WASHINGTON — In a primary race where every delegate may count, U.S. Sen. Marco Rubio could still prove to be a spoiler.

MassGOP Chairman Kirsten Hughes was one of 21 state Republican leaders who received letters this week from Rubio asking to keep his earned delegates rather than allowing them to be released to other candidates. This comes after he dropped out of the race two weeks ago following his home-state loss in Florida.

Rubio will get to keep the eight delegates he earned in the Bay State, but that decision was based on state party rules and not the Florida senator’s request, said state party spokesman Terry MacCormack.

“Since Sen. Rubio has only suspended his campaign and has not formally withdrawn, his delegates will be allocated to him when the Allocations Committee does its work this April,” MacCormack said. “So we were intending to proceed this way regardless of whether he communicated with us or not.”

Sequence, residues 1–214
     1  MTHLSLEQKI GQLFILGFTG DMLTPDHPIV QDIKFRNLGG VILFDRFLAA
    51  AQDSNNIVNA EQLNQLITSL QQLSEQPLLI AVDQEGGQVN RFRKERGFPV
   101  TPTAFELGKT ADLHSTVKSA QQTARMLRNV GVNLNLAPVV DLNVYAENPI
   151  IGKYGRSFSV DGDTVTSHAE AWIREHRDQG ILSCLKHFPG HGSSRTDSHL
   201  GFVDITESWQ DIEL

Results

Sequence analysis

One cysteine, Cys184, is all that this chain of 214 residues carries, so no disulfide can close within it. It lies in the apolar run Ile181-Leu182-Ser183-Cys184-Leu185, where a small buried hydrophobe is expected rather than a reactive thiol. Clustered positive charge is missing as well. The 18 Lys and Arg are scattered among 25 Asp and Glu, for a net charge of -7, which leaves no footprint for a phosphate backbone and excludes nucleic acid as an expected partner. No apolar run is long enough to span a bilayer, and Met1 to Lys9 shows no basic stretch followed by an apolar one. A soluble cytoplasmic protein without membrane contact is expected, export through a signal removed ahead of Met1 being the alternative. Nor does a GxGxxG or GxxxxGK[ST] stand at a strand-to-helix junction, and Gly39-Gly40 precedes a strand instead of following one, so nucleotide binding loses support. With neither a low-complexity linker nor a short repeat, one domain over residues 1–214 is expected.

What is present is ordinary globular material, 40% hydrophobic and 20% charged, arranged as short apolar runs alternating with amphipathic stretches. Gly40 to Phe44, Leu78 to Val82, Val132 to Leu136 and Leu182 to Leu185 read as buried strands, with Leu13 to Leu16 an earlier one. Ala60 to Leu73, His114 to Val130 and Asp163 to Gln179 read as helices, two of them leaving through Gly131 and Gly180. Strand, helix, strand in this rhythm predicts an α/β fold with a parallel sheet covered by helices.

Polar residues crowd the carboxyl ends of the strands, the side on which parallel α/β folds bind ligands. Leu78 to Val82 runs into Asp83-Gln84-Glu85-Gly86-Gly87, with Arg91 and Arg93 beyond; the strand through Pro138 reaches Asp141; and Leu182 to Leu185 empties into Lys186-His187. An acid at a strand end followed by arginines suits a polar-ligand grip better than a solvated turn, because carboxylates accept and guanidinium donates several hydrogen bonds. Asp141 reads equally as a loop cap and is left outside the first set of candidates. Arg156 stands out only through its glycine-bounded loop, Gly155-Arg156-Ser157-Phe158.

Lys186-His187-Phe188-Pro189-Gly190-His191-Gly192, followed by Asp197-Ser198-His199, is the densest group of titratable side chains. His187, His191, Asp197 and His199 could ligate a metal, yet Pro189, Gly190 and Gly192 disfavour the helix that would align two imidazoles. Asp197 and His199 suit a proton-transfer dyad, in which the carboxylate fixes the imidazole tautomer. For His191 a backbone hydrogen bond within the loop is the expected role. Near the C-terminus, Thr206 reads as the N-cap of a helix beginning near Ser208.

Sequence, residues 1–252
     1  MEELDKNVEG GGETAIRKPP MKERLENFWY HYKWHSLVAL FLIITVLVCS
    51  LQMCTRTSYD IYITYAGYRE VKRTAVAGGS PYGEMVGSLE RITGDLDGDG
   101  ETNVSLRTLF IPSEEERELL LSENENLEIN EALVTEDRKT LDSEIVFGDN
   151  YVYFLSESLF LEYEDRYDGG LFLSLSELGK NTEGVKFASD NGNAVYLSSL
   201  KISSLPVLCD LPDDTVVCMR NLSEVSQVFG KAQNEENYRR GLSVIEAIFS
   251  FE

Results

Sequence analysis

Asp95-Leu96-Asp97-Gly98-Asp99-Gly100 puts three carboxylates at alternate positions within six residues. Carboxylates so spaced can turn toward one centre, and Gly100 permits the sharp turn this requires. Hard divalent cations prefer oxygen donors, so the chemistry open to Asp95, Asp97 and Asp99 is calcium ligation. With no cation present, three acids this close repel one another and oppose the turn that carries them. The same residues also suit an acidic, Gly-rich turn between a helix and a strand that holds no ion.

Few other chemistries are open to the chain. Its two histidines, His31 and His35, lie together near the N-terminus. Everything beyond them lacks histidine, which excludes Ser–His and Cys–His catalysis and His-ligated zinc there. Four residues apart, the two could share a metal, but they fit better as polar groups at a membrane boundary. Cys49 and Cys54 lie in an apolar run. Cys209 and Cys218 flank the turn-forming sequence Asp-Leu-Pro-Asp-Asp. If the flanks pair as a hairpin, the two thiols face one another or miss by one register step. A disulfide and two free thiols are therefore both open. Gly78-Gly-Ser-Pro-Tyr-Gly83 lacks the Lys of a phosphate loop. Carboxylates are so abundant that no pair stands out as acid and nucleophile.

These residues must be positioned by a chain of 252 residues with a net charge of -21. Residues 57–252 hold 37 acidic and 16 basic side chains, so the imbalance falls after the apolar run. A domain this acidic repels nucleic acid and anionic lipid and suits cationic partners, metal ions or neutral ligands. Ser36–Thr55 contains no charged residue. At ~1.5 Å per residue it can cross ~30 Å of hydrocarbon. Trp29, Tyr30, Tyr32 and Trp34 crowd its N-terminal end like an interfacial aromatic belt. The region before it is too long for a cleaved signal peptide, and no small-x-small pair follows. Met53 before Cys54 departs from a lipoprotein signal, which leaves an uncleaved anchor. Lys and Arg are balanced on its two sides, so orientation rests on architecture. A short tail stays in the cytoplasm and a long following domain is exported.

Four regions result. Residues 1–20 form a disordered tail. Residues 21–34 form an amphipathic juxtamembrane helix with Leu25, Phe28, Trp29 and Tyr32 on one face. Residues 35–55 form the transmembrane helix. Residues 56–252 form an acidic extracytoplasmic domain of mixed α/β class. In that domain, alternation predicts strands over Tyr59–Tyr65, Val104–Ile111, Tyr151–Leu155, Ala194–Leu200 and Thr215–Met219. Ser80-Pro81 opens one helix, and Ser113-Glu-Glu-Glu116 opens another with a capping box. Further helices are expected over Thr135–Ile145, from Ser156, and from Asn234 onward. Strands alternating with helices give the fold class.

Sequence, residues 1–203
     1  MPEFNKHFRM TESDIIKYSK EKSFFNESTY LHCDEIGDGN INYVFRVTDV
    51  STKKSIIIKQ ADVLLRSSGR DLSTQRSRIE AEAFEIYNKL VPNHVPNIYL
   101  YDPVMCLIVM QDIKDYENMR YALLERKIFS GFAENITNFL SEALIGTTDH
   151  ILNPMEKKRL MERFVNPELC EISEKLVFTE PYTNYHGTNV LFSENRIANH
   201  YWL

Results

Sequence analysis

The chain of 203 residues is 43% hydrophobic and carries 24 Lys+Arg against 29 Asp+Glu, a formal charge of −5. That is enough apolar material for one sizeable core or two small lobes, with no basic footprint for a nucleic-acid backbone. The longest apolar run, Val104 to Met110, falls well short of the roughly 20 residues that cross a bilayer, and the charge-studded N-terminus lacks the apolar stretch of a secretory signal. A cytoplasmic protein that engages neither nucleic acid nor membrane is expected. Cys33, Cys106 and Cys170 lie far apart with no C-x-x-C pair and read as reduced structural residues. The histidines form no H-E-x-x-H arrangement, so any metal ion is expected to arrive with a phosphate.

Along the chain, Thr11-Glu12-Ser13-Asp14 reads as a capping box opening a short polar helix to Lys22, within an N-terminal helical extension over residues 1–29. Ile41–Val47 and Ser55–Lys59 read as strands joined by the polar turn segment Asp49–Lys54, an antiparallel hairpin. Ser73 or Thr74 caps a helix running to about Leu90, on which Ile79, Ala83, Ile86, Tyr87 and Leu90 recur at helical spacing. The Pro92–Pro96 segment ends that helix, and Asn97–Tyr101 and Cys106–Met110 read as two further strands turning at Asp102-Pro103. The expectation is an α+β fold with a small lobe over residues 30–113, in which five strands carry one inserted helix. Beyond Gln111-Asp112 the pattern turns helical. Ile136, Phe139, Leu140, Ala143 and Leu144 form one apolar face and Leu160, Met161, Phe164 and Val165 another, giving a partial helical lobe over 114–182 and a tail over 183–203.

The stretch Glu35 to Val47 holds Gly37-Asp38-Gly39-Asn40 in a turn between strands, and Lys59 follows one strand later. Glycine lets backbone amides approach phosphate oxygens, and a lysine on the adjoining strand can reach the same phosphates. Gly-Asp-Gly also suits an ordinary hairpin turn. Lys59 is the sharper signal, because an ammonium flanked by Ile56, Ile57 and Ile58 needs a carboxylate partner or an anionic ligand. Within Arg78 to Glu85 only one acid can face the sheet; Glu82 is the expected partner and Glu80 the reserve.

In other states, Rubio’s delegates were either retained, divvied up between other GOP candidates or released to the control of free-agent delegates who can back the candidates of their choice.

It is unclear how many of the 171 earned delegates Rubio will be able to hold, but every one could make it more difficult for front-runner Donald Trump to reach the 1,237 threshold needed to clinch the nomination and prevent the primary race from ending in a contested convention.

Should the race go to the convention, and neither Trump nor any other candidate wins on the first ballot, it’s not clear how delegates from Massachusetts may be swayed.

Brian Kennedy, national director of the Massachusetts Republican Assembly, said Trump’s support “pulls from both conservative and those who are a lot more moderate.”

“I actually think that all of the primaries in all of the states are getting contested all the way up to California in June,” said Kennedy, who voted for Cruz. “I think it’s a good thing because every state in the election matters.”


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